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will need to pass FDA muster, but at least for the 3 million cosmetic surgeries performed in the U.S. each year, it wouldn’t have to deal with insurance reimbursement hassles, because patients generally pay out of their pockets. If it were used for general surgery, it could tap a bigger market of possibly 20 million procedures a year or more, Dean says.
How is it supposed to work? The dose of the Excaliard drug is given after the wound is made, through an injection, not through a topical cream, Dean says. That makes it more useful for scars that cover small surface areas, like incisions. “This is not for burn victims,” Dean says.
Getting the dose, the delivery, and the sequence of operations right will be key to making this a success. Because when the body is wounded by an incision, a certain amount of immediate inflammation is natural and necessary to help the wound heal. Excaliard’s challenge is in determining when the inflammation has done its job, and when the remodeling of new scar tissue to seal the wound turns excessive.
Dean used an evolutionary example to make his point about how the body reacts to wounds and forms scars. If you were on the African savannah and got bitten by a lion, you’d want the wound to close up and heal as quickly as possible.
“Of course here in San Diego, people aren’t getting bitten by lions anymore,” Dean says. So that means the body is naturally inclined to overreact with not just inflammation, but growth factors to seal the wound over time, which would be good if it were the savannah, but not so much in a less dangerous environment. To be more specific, he said Excaliard is dampening this wound response by blocking a gene (which Dean isn’t disclosing yet) that triggers excess production of collagen and other fibrotic components that form bulky scars.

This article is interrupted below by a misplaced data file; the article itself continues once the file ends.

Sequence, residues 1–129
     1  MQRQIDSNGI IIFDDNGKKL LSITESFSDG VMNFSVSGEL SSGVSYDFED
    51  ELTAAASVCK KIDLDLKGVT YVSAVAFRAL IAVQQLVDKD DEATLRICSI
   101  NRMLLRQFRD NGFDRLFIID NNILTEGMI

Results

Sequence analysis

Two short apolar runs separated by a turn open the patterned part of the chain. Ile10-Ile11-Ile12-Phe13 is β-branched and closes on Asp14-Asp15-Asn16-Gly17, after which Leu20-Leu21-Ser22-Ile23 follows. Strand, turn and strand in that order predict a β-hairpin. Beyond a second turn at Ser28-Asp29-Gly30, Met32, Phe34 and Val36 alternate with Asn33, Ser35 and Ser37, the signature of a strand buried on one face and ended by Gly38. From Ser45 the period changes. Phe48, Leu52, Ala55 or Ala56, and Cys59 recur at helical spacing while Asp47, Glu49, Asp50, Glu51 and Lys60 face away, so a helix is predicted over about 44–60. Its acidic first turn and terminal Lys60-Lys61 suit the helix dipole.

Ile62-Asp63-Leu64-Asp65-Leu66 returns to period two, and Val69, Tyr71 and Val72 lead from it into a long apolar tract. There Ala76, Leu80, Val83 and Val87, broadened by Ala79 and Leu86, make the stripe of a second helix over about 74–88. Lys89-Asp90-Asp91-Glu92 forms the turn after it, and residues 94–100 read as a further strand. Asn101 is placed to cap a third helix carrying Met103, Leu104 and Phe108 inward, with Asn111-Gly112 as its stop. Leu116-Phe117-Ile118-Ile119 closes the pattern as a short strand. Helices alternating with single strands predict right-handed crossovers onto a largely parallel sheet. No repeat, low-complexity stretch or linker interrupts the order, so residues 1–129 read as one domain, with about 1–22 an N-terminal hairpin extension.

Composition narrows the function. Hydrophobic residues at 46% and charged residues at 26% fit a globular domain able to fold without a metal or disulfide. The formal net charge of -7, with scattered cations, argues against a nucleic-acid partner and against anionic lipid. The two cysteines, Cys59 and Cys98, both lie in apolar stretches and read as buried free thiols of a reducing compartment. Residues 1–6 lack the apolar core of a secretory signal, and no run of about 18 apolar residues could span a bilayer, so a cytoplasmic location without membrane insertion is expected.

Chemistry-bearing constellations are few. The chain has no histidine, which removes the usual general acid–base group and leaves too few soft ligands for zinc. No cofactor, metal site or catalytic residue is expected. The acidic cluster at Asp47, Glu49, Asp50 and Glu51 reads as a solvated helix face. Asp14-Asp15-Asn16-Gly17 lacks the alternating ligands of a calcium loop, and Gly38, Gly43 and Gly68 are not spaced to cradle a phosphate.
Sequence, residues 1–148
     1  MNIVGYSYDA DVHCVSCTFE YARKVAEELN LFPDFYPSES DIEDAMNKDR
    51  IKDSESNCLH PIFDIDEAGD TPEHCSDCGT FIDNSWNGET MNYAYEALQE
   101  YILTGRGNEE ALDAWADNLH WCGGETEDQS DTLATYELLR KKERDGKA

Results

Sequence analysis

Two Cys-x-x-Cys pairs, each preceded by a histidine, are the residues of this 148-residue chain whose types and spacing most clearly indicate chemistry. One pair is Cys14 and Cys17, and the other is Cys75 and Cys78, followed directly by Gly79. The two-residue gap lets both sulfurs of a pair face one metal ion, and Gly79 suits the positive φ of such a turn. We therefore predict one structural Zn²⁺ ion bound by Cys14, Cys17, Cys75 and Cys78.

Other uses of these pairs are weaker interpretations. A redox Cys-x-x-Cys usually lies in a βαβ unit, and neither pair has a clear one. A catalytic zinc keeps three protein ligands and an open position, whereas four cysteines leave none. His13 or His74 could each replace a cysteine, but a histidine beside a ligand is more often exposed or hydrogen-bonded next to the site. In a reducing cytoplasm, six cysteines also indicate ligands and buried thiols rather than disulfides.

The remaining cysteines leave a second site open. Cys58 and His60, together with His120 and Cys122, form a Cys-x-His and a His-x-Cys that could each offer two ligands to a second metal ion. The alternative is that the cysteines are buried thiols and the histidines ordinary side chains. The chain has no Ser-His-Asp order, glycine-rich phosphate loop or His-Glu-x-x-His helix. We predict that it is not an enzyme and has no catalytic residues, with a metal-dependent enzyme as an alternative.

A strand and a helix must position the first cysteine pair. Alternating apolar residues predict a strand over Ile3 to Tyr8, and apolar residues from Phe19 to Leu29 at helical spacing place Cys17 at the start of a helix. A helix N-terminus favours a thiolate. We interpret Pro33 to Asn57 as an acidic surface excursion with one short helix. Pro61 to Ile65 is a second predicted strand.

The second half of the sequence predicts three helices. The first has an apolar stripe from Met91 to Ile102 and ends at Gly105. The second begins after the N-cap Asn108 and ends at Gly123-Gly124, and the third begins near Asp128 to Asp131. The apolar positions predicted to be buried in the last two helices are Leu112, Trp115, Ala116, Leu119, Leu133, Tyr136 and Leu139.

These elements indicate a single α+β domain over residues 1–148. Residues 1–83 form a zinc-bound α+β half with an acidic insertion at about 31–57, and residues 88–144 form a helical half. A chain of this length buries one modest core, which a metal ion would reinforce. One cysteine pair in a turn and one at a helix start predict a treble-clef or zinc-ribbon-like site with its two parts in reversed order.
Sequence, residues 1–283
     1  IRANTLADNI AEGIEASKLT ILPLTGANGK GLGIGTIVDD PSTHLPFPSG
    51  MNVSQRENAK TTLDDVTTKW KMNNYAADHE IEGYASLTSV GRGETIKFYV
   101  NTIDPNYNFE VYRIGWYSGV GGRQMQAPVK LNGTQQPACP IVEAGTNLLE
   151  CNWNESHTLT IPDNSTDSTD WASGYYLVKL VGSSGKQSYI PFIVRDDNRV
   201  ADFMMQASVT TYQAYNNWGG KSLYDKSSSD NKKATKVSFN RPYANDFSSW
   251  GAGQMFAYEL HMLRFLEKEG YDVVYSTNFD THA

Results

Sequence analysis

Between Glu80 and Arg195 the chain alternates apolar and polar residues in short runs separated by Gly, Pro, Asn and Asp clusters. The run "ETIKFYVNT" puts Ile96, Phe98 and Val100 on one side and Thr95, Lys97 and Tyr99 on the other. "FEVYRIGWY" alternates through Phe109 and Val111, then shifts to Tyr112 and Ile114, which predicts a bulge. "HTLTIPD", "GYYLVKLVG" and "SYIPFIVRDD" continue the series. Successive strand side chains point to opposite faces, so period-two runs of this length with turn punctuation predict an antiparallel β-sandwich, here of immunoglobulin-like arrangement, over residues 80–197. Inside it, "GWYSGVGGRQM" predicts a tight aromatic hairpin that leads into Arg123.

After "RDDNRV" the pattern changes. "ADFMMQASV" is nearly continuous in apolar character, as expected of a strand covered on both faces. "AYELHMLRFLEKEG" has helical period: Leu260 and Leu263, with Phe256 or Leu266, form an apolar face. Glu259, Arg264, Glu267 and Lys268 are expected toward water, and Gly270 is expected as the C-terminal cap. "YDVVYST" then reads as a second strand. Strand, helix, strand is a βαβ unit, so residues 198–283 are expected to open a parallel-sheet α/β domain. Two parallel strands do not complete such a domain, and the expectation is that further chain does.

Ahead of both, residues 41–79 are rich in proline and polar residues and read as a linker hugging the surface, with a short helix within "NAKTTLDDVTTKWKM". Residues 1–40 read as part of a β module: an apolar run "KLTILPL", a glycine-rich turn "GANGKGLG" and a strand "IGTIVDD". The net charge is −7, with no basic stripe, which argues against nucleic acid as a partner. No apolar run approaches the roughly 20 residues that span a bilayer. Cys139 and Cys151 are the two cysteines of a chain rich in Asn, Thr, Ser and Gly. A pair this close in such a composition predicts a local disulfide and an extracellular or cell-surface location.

To build on this idea, Dean explained the wound healing process in three phases. First comes the inflammatory phase, in which white blood cells flock to the site of injury to ward off any foreign pathogens that might cause an infection once the skin is broken. That passes quickly, usually within a week, and is followed by more prolonged phases in which cells in the injured area proliferate and remodel connective tissue and growth factors to form a protective barrier around the wound.
“You want it to heal, but not scar,” Dean says.
The only competitor pursuing an idea like this is U.K.-based Renovo, which is further along with a pivotal clinical trial in Europe of a protein drug for scar reduction. Dean says his company’s drug is a specific small molecule (actually an oligonucleotide) that’s different from Renovo’s protein drug, and that the Excaliard treatment is designed to work through a different biological mechanism. But he didn’t say too much more about differentiating factors, or about the company’s clinical strategy.
He did, however, tell a fun little anecdote about the name. It is inspired by the legend of King Arthur, and the famous sword Excalibur, which was supposed to protect warriors from injury in battle. But Dean noted that it only worked in combination with the magical scabbard to protect it. Speaking metaphorically in this case, the drug is the sword, and the smooth, even scar is like the scabbard it needs to work in.